A new study of ultra-wealthy families gives lie to the notion that formal decision making about wealth puts a strain on family relationships.

Morgan Stanley and Campden Wealth Research reported last week that 44% of ultra-high-net-worth poll participants in North America said decision making had a positive effect on their relationships with other family members, 30% said it had no effect and just 19% said it had a negative one.

“The study shows that involvement in decision making helps build better family relationships,” Campden’s chief executive Dominic Samuelson said in a statement.

“But importantly our analysis identifies a vital element underlying this harmony in decision making: having proper governance and decision-making structures in place to minimize conflict.”

Consider perceived outcomes among respondents of investment decisions made where there were more governance structures and non-investment decisions with fewer structures:

  • Clear: 78% vs. 71%
  • Effective: 83% vs. 74%
  • Efficient: 78% vs. 54%
  • Allows quick response: 80% vs. 59%

The research was based on a quantitative survey conducted in November and December of 59 members of North American families with more than $35 million in assets, plus in-depth interviews with 15 family members.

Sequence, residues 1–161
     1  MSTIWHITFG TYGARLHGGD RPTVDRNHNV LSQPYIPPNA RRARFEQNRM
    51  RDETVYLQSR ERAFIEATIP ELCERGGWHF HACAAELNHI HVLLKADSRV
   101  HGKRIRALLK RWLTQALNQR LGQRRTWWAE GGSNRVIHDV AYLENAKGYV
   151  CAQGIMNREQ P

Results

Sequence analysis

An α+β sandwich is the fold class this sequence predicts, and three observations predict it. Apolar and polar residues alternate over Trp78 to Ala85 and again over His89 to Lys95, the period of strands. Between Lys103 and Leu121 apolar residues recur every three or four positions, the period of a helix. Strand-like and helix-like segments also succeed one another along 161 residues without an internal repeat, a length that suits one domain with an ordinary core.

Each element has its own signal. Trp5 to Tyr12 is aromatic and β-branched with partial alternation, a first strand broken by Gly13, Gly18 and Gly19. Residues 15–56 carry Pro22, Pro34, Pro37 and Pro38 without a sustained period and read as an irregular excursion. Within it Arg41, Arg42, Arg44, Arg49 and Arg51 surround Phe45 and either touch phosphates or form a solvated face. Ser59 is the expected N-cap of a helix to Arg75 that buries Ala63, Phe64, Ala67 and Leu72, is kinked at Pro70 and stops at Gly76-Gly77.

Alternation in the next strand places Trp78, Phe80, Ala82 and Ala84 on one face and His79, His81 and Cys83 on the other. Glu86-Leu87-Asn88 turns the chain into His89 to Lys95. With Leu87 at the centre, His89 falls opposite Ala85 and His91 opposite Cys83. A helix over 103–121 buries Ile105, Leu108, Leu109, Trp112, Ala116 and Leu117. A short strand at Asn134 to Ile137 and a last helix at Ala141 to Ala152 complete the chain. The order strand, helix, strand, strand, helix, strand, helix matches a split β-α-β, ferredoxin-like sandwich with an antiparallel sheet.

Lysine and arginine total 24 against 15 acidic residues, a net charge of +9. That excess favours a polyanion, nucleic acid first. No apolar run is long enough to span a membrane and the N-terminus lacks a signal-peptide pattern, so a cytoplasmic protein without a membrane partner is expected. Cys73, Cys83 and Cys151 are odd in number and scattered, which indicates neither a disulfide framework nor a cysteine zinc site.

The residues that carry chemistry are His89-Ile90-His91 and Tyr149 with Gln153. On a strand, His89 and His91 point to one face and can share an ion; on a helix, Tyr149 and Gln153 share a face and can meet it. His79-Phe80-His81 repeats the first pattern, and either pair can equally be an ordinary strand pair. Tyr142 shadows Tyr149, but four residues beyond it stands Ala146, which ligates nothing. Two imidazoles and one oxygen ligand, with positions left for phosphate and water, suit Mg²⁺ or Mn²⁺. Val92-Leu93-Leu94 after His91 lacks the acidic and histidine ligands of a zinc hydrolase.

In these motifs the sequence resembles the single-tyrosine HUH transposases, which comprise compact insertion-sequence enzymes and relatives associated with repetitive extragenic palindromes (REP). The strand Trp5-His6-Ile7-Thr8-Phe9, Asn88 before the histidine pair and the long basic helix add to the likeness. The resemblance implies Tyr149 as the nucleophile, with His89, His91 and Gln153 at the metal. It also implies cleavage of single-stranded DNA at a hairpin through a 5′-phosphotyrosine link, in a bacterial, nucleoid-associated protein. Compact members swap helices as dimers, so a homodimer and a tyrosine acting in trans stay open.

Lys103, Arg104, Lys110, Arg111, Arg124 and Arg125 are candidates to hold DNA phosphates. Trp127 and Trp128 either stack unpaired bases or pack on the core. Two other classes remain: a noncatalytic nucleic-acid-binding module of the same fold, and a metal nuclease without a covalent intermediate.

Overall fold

The study found that investment committees figured prominently in families’ financial decisions, but they also used family and professional advisors and family office personnel.

Fifty-six percent of respondents said investment policy statements were important, using them to define the family’s investment and financial goals. In addition, 58% of families either had or were developing a family mission statement.

In contrast, only about a third of families reported that they had a defined philanthropic policy. Moreover, 28% said they had a gifting policy separate from a philanthropic one.

A majority of families said they wanted their philanthropy to have a positive social or environmental impact, with education topping their list of causes.

Fifty percent of families said advisors had a strong influence on their financial decision making, and 39% said they had some influence.

Forty-one percent of families said they tasked the professional advisor with overall asset allocation, while 38% said they used the family advisor or family office executive.

A third of families said they gave advisors executive decision-making power over tactical matters.